Notes on Vance Kepley Jr., “Soviet Cinema and State Control: Lenin’s Nationalization Decree Reconsidered”, Journal of Film and Video, Vol. 42, No. 2
The Soviet Union and cinema: Lenin and Eisenstein—the beautiful and fatefully inevitable union of progressive politics and [non-capitalist] cinema-as-art (rather than cinema as crude product!)
(Films from the Soviet Union are prima facie art and have to be proved to be otherwise; Hollywood films are base things created by “the studio system” and art arises only whenever a director or producer manages to subvert the system for his own personal or political expression.)
Or was it?
According to Kepley, most histories of world cinema lean too heavily on the historical-thematic crutch of Soviet cinema being a well-wielded Bolshevik sword. The quite unimportant but relied-upon document, says Kepley, is Lenin’s 1919 nationalisation decree that nationalised* the film industry.
As Kepley puts it, the Bolsheviks were nationalising every industry and their sister during the War Communism years (1918-1921) and then sometimes completely forgetting about what they’d taken. And the industries that they did set about controlling were more likely to be controlled regionally than centrally. Film nationalisation was one of many nationalisations and subsequently only sporadically enforced.
In 1915 and 1916 the private studios of Czarist Russia produced 370 and 500 narrative feature films, respectively. Because much Russian film production was dependent on imports, the war, the revolution and their effects on foreign trade cut into how much could be made. Sabotage became a problem and each inch of film became more and more valuable. Nevertheless, between 1918 and 1921, 222 narrative features were made. The catch: 209 were made by private [read: capitalist] studios; the state-owned studios made only 13.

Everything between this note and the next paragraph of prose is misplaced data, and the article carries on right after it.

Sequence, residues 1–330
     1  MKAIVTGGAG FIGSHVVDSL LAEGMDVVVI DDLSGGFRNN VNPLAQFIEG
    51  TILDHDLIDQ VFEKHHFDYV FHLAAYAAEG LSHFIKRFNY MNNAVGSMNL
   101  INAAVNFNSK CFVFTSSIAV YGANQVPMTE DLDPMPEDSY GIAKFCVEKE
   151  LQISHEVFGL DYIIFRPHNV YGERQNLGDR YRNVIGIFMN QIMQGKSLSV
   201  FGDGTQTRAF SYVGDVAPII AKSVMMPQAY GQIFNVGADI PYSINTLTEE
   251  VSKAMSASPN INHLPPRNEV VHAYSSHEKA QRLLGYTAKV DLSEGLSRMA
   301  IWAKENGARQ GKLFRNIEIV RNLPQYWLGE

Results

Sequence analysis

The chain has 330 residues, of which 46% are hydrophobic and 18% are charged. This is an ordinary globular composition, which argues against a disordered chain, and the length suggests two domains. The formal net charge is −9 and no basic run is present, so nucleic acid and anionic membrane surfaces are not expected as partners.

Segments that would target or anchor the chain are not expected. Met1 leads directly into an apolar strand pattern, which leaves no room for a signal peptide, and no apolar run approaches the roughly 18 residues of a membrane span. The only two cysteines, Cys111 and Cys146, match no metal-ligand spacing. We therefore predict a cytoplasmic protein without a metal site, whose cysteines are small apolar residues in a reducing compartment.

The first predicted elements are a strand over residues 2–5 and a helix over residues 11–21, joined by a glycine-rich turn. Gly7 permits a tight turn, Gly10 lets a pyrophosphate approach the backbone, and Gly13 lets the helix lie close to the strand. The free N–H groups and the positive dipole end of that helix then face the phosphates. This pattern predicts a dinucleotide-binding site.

That is not to say that the Bolsheviks didn’t do anything. They did; but they focused on agitational films and shorts. And nationalisation did proceed, but often it meant buying up bits of the film industry that had gone out of business and then dealing with the consequences. In 1919 and keeping that in mind, the Bolsheviks owned, according to one estimate, 30% of the film industry. Without the means of reopening or fixing what they’d taken, formerly-film buildings stood empty and under guard against scavengers who wanted to take them for parts.
When more decisive and complete action was taken, it often didn’t end as well as hoped. For example, the Bolsheviks nationalised all movie theatres in Moscow in 1919. Then subsequently couldn’t pay theatre workers’ salaries and had to close down some of what they’d nationalised. To further muddle the myth, the Bolsheviks knew they didn’t have the personnel to staff a fully conquered film industry (though film industry workers, in contrast to studio owners, were sympathetic to Bolshevism) and when nationalising steps were taken, it was at the behest of small studio owners who were afraid they’d go out of business otherwise.
An unrelated though interesting fact about the nationalising decree is that it only applied, even in letter, to Soviet Russia. Non-Russia parts of the Soviet Union, like the Ukraine and its film industry, weren’t covered.
The conclusion to all this is that the film industry in the early days of the Soviet Union was a mess—in effect, there were two parallel industries: private and Bolshevik. The Bolsheviks respected and utilised the power of film to an extent, but there was no immediate and divine marriage between Lenin and “the tenth muse”. It took the faux-capitalism of Lenin’s New Economic Policy to create what we know as the Soviet film industry.